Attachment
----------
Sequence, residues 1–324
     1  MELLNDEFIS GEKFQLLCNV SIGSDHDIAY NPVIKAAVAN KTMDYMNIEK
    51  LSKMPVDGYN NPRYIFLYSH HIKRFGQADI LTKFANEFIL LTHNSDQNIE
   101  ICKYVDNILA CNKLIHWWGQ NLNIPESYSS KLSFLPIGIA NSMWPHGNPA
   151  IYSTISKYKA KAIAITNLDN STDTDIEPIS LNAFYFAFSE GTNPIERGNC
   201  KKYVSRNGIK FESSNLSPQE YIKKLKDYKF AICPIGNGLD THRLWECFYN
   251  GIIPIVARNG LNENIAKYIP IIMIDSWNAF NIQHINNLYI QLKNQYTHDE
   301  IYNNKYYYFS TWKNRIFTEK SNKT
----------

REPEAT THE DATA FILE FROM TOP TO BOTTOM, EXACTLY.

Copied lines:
Sequence, residues 1–324
     1  MELLNDEFIS GEKFQLLCNV SIGSDHDIAY NPVIKAAVAN KTMDYMNIEK
    51  LSKMPVDGYN NPRYIFLYSH HIKRFGQADI LTKFANEFIL LTHNSDQNIE
   101  ICKYVDNILA CNKLIHWWGQ NLNIPESYSS KLSFLPIGIA NSMWPHGNPA
   151  IYSTISKYKA KAIAITNLDN STDTDIEPIS LNAFYFAFSE GTNPIERGNC
   201  KKYVSRNGIK FESSNLSPQE YIKKLKDYKF AICPIGNGLD THRLWECFYN
   251  GIIPIVARNG LNENIAKYIP IIMIDSWNAF NIQHINNLYI QLKNQYTHDE
   301  IYNNKYYYFS TWKNRIFTEK SNKT